Your personal income tax for each year is calculated based on a number of individual factors, including your filing status, income from multiple sources, tax deductions and tax credits, explains Bankrate. You can calculate your income tax with this knowledge and the appropriate IRS forms.
Your filing status as of the last day of the year determines your tax bracket and influences other factors, such as your standard deduction and personal exemption, Bankrate states. The filing status may be: married filing jointly, married filing separately, single, qualified widow(er) and head of household. If you are married, whether you file jointly or separately is your choice. You can still file a joint return for a year in which your spouse died; if your spouse died during the previous tax year and you filed jointly in the year before, and you have a dependent child or stepchild, you can file as a qualified widow(er). If you pay more than half of home expenses and are unmarried, or are married but have lived apart from your spouse at any point within the last six months of the year, and you have at least one dependent child, you can file as head of household.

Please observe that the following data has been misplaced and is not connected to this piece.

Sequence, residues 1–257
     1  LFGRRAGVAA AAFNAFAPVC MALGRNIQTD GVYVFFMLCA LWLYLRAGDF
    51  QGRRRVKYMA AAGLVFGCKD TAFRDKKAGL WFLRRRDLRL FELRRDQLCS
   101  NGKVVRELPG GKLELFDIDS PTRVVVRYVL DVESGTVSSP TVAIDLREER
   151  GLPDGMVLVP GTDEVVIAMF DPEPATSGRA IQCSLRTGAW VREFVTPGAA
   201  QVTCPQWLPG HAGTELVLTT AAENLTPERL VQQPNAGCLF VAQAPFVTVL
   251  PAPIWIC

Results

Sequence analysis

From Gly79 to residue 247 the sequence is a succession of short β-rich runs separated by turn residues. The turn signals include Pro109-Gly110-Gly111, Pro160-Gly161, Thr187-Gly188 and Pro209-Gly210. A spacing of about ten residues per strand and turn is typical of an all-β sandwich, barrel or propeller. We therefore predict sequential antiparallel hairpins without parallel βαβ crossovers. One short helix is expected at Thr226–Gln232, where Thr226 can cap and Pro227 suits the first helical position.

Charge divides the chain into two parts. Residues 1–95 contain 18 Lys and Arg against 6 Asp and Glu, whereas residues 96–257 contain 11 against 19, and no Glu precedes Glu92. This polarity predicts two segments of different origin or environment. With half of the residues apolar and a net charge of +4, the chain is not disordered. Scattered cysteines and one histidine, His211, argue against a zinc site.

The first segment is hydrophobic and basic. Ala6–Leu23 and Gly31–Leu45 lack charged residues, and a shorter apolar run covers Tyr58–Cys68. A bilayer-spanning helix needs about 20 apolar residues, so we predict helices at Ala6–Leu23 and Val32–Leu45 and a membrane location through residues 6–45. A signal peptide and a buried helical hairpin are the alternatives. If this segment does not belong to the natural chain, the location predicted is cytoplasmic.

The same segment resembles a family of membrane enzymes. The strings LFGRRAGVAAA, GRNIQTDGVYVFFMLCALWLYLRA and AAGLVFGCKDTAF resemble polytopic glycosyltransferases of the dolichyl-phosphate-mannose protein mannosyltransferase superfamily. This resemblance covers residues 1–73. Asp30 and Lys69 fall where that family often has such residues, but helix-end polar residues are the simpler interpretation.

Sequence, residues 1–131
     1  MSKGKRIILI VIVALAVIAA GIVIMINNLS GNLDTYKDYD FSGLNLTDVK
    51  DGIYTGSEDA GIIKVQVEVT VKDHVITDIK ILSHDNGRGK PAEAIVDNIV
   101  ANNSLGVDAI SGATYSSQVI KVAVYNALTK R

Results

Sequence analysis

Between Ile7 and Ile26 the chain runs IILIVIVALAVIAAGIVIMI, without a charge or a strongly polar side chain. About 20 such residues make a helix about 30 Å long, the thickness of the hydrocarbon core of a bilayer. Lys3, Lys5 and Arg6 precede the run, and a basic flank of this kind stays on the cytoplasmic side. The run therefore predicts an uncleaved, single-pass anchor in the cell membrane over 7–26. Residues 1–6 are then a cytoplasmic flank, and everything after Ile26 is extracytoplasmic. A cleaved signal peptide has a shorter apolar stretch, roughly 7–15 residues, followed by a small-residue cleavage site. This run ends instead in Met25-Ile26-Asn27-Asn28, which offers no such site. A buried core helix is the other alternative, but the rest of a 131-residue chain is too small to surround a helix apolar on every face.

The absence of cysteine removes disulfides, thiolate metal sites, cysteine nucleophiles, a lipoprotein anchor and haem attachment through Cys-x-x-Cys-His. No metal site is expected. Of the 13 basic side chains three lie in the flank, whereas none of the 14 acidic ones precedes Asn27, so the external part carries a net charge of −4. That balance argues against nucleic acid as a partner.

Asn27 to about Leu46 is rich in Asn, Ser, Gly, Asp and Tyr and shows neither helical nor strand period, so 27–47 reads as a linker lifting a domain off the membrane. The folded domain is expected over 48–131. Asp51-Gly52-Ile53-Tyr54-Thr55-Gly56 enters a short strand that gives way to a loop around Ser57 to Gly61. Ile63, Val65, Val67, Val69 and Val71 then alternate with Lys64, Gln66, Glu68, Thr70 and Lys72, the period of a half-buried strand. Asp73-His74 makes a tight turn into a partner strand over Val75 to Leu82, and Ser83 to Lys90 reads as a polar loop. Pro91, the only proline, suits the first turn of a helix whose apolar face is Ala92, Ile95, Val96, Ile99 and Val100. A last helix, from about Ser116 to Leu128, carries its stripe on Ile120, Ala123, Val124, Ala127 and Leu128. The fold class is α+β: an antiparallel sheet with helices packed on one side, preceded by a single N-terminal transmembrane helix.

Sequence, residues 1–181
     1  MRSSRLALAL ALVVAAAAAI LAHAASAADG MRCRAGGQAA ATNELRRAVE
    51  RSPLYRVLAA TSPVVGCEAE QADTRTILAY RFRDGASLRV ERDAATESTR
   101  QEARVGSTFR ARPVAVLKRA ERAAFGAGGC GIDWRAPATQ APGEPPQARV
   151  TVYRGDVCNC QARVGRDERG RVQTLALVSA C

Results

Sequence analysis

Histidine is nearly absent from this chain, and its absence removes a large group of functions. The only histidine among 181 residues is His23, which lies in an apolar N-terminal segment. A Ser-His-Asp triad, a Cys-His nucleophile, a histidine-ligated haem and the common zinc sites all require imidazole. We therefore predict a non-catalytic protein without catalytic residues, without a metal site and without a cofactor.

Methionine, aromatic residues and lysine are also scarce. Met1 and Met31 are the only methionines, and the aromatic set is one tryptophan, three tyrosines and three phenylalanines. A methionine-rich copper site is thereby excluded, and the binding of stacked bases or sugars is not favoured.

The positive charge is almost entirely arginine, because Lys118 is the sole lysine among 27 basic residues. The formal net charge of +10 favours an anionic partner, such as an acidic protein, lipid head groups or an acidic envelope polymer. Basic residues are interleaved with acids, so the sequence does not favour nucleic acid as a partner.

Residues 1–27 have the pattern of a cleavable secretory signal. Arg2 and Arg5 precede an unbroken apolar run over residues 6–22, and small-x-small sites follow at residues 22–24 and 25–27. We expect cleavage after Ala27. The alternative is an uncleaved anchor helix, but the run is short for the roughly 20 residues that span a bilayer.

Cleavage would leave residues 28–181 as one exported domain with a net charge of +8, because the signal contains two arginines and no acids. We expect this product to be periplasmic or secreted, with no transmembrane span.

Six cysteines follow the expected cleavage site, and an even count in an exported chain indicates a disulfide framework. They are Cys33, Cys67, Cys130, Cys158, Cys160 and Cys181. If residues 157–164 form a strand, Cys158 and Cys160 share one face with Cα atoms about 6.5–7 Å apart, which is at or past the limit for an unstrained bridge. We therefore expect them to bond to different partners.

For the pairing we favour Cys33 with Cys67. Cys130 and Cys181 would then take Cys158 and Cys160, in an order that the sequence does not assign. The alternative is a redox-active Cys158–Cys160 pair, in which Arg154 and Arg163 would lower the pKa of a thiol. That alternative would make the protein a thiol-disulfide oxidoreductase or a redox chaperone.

Other important factors include your dependents (each dependent allows you to receive a tax reduction, and may make you eligible for tax credits), any capital gain or loss during the year, business income or loss, and income from rentals, royalties, S Corporations and Schedule E, according to Bankrate.